IT Security Finally Starts to Get Baked into Procurement Requirements

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A newly constituted board of IT security advisors put together by HP, Inc. this week provided a measure of comfort to IT security professionals by revealing that IT security requirements are now finally being baked into IT procurement processes.

Speaking at a HP Reinvent Worldwide Partner Forum this week, Robert Masse, a partner at Deloitte with more than 20 years of experience in cybersecurity, says it’s becoming more common for request for information (RFI) issued by procurement departments to now have specific provisions that address IT security requirements.

Joining Masse on the HP Security board are MedSec CEO Justine Bone and board chairman Michael Cacce, an independent IT security consultant also known as “Mafiaboy.” Bone says a lot of organizations are now moving to push as much responsibility for IT security back on the vendors that provide them IT infrastructure and security. As corporate boards become more aware of IT security issues many of them are directing procurement officers to include IT security as a standard element of the procurement exercise, says Bone.

Of course, IT security professionals have been asking for just that for years now. Most IT security professionals are tasked with securing an IT environment that they have little to no influence over what elements get included. The result is often a raft of IT infrastructure and applications that from a cybercriminal perspective or little more than sitting ducks.

The HP Security Advisory Board is divided in terms of whether the IT security war is being won or lost. Cacce says that because it’s now so simple for cybercriminals to launch attacks the easy money that can be made means their ranks continue to swell. Because any one of the attacks launched by those cybercriminals need to be successful only a handful of times to provide a return on investment (ROI) for the cybercriminal the odds facing IT security professionals are decidedly stacked against the, says Cacce.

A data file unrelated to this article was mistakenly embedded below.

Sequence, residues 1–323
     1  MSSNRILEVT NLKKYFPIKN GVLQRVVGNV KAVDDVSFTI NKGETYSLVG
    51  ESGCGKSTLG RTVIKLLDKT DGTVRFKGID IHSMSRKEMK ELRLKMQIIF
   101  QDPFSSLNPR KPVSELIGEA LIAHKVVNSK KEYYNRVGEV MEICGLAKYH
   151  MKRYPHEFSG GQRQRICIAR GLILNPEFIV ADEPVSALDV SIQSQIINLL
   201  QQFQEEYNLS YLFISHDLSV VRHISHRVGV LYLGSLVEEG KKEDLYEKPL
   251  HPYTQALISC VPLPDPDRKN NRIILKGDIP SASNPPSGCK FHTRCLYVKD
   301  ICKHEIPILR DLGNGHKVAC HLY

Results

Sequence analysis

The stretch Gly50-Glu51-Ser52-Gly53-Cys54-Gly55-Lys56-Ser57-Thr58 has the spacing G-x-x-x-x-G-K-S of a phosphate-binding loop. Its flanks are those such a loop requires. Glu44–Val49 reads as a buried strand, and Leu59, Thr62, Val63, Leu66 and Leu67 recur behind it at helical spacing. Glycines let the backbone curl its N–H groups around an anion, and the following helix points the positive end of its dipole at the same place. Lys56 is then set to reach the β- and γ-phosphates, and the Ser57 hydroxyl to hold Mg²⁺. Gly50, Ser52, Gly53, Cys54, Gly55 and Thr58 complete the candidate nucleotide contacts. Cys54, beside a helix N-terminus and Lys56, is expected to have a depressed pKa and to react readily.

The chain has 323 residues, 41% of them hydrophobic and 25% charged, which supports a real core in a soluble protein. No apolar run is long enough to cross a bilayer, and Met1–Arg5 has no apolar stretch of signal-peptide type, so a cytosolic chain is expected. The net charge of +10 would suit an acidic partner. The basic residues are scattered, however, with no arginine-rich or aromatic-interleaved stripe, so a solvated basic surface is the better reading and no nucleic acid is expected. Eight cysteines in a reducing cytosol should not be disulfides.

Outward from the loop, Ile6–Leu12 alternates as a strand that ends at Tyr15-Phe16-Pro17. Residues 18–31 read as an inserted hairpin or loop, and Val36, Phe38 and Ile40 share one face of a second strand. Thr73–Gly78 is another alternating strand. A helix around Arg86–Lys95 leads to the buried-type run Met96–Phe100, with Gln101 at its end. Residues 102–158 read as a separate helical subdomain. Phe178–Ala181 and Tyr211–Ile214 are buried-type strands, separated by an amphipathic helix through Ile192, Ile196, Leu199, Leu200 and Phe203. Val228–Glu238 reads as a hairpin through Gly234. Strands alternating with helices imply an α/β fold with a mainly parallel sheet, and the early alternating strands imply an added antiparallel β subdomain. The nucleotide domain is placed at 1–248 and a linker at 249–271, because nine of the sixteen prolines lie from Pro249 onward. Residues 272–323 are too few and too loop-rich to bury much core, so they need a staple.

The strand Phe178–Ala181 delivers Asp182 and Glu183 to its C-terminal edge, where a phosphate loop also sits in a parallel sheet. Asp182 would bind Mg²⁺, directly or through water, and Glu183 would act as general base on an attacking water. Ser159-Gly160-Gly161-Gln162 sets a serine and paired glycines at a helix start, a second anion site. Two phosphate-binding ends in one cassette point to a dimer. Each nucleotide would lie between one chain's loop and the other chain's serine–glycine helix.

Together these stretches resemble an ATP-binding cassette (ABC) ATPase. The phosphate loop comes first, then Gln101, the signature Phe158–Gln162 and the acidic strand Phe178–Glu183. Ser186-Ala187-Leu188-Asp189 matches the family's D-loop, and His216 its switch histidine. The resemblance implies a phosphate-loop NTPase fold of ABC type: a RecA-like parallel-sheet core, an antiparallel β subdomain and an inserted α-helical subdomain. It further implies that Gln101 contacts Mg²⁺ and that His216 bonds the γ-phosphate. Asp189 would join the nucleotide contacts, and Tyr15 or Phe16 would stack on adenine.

Bone is a little more optimistic as more companies start to implement what she described as “active defenses” that involve organizations making counterattacks against cybercriminals to neutralize attacks. The issue that organizations have to be keenly aware of when engaging in that activity, cautioned Masse, is that cybercriminals are very adept at hiding their tracks. It’s easy to assume an attack is emanating from one location only to realize later the attack was launched half way around the globe. Attacking the wrong target then becomes fraught with legal issues, including violating the sanctity of a country’s border in a way that creates an international incident. Despite those concerns, however, Cacce says organizations may have no choice now when it comes to engaging in more proactive defense measures.

Vali Ali, chief technologist for security and privacy at HP, Inc. says ultimately the IT security war will be won because the alternative is not acceptable. To achieve that goal Ali says vendors such as HP are embedding security technologies across their product portfolios, including in the case of HP securing the BIOS software it ships with its systems.

The one thing that board does agree on is that the attack surface that needs to be defended is widening. Defending that wide a front may very well be impossible as organizations embrace the Internet of Things (IoT) era. In fact, the most important IT security decision any organization might need to make going forward is where to concentrate their limited IT security defenses.

 


Mike Vizard has covered IT for more than 25 years, and has edited or contributed to a number of tech publications including InfoWorld, eWeek, CRN, Baseline, ComputerWorld, TMCNet, and Digital Review. He currently blogs for IT Business Edge and contributes to CIOinsight, The Channel Insider, Programmableweb and Slashdot.Mike also blogs about emerging cloud technology for Intronis MSP Solutions by Barracuda.

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